She added that your school district may also have other resources available, such as resources aimed at improving the mental health of parents and children.

Parker Houston, a pediatric psychologist at Ohio’s National Children’s Hospital, agreed that his parents needed more help.

“Education is a full-time job, not a job that is squeezed when caring for work or home. If parents are acting as teachers on behalf of teachers, they are more than a way to log on. You need to know. Virtual learning. “

He added that children who were struggling before the pandemic were more likely to struggle unless they had parents at home who could devote themselves to school all day long.

Check with your school counselor to see what types of resources are available. “Children who don’t get much support at home because their parents work may qualify for a higher-touch education or tutoring system that the school may have,” Huston said. It was.

Eubanks pointed out that establishing and maintaining regular and consistent routines during these trials also helps parents cope and their children succeed.

“You can’t be loose goose in your routine,” she said. “Children should not go to online school in their pajamas, but should have regular bedtime and meal time routines, and designated spaces for learning, especially toddlers.”

According to Eubanks, children also need to go out and do physical activity every day. “Children should be encouraged to stay connected with friends, religious institutions, or other extracurricular activities as long as social distance is virtually impossible,” she advised.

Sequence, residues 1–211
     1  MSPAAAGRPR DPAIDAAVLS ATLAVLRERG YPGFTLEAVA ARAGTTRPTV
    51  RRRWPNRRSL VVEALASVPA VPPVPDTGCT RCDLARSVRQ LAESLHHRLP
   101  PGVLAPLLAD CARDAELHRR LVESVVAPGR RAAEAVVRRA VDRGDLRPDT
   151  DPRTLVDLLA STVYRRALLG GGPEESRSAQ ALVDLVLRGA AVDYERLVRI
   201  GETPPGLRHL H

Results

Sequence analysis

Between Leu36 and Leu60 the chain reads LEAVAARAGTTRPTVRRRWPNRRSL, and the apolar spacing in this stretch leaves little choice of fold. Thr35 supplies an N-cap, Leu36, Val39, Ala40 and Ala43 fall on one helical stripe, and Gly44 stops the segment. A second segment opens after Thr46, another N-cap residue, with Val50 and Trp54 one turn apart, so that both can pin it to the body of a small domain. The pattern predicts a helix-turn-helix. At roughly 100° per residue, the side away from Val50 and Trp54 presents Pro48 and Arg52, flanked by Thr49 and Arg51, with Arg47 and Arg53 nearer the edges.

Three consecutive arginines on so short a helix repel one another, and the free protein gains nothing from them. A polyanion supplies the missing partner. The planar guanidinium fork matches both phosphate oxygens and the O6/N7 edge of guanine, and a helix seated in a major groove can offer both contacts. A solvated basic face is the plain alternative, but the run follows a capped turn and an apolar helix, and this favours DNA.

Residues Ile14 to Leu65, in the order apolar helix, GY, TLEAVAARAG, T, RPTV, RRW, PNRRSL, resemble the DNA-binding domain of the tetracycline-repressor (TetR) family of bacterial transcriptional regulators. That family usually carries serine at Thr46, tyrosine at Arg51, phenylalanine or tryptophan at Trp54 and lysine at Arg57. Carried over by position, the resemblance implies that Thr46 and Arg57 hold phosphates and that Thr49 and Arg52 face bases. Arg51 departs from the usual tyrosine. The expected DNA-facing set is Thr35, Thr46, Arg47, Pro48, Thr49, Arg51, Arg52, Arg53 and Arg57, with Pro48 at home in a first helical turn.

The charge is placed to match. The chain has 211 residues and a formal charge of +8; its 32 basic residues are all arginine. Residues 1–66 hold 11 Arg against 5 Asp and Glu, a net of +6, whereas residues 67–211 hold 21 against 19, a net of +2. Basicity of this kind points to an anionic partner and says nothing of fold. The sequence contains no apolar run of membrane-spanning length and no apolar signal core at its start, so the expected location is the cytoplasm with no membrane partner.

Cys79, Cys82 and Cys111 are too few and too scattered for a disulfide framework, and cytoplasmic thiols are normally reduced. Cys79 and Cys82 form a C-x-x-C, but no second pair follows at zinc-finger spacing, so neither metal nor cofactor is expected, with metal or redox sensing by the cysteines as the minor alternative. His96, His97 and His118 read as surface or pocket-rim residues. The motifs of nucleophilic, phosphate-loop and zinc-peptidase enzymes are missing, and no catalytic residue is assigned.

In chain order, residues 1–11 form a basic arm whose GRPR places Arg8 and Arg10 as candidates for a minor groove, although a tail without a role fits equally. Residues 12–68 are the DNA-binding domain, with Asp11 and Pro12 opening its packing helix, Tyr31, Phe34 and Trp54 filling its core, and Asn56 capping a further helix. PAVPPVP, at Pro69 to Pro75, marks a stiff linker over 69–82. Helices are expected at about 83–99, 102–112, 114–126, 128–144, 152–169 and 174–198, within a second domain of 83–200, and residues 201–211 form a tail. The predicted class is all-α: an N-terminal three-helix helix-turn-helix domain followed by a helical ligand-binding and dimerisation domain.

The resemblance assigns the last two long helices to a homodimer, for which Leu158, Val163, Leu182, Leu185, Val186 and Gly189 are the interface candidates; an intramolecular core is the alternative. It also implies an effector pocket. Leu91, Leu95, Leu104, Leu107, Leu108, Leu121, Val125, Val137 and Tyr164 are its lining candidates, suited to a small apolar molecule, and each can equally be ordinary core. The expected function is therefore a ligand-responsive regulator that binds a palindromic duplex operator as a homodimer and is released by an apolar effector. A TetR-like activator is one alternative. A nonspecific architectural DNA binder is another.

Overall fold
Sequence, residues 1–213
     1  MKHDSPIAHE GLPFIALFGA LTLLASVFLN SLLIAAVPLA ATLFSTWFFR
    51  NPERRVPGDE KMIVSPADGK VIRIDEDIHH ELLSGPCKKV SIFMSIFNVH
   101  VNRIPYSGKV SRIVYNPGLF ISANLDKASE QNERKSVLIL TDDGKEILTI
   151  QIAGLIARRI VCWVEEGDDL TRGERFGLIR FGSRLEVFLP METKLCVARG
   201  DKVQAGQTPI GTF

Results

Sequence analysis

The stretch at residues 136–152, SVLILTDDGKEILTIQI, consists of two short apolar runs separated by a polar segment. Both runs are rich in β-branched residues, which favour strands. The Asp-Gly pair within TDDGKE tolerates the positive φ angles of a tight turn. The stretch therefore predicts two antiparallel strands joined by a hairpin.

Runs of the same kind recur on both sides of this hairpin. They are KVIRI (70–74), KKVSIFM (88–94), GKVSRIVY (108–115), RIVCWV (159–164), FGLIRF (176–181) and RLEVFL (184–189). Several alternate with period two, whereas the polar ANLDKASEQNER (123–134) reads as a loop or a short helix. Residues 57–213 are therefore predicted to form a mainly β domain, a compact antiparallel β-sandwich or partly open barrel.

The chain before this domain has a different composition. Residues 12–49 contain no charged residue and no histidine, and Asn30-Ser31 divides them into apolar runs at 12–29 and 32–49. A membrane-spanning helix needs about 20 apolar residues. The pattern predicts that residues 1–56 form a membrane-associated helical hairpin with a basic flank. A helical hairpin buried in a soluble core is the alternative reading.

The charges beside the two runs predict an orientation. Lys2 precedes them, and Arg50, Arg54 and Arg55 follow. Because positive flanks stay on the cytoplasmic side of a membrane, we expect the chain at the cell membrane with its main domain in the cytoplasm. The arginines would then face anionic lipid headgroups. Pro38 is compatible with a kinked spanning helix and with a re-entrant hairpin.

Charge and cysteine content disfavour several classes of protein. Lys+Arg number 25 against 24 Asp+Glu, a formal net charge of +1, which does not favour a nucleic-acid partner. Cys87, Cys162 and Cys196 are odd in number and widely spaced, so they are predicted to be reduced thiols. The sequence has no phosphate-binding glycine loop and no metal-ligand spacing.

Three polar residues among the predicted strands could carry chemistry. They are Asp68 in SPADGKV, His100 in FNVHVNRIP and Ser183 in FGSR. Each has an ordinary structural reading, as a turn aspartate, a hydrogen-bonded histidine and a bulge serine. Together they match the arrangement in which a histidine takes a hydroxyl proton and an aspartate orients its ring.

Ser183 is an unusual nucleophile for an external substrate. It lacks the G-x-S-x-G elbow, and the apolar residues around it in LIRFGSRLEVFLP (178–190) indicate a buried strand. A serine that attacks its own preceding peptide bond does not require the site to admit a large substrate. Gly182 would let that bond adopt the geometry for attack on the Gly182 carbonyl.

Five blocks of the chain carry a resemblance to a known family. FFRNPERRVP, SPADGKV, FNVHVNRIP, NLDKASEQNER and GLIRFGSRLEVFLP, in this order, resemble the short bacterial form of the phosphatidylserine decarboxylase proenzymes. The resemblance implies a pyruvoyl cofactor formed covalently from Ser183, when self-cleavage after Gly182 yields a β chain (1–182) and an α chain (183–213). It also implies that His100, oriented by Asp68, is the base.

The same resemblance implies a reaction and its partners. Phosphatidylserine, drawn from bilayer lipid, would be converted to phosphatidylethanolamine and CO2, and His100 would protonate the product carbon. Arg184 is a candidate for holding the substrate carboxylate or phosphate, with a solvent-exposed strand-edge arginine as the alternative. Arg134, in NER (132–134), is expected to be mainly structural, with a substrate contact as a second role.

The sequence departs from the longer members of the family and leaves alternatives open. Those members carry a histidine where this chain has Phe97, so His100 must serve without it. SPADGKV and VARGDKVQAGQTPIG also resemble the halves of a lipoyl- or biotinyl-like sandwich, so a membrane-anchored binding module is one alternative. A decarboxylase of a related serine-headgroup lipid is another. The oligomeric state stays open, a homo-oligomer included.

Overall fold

The important thing is that if parents don’t take care of themselves, they can’t be there for their children in a meaningful way.

For Stern, such self-care includes a bath and a long walk to clean her head. She also recently started hosting a retreat for her mother. This allows mothers to get off the grid on weekends and recharge with other mothers.

Huston added that he sometimes needs expert help. “If you or your child has problems showing sleep, concentration, or other signs of severe stress, anxiety, or depression, it may be time to consult a mental health professional,” he said. Said.


Question

The abbreviation ADHD refers to a commonly known condition:
See answer

The report was published online in the journal on December 15th. Educational researcher..

For more information

The National Education Association provides resources for families and teachers to help keep children interested during distance learning.

Source: Joaquin Alfredo-Angel Rubalcaba, PhD, Associate Professor, Faculty of Public Policy, University of North Carolina at Chapel Hill. Shyrelle Eubanks, EdD, Senior Policy Analyst, National Education Association, Washington, DC; Dr. Parker Houston, Pediatric Psychologist, National Children’s Hospital in Columbus, Ohio. Lis Stern, Mom and Writer, New York City. Educational researcher, December 15, 2020, online